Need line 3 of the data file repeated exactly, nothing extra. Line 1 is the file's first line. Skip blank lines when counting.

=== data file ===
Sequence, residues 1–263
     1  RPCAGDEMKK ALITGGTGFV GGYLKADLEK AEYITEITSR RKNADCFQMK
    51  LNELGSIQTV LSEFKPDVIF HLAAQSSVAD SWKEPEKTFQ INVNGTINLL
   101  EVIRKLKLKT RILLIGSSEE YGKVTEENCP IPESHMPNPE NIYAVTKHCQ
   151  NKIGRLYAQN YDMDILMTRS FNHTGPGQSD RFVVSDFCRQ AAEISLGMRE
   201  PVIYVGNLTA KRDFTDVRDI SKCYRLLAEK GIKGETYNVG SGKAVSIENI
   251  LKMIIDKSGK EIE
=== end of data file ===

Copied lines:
    51  LNELGSIQTV LSEFKPDVIF HLAAQSSVAD SWKEPEKTFQ INVNGTINLL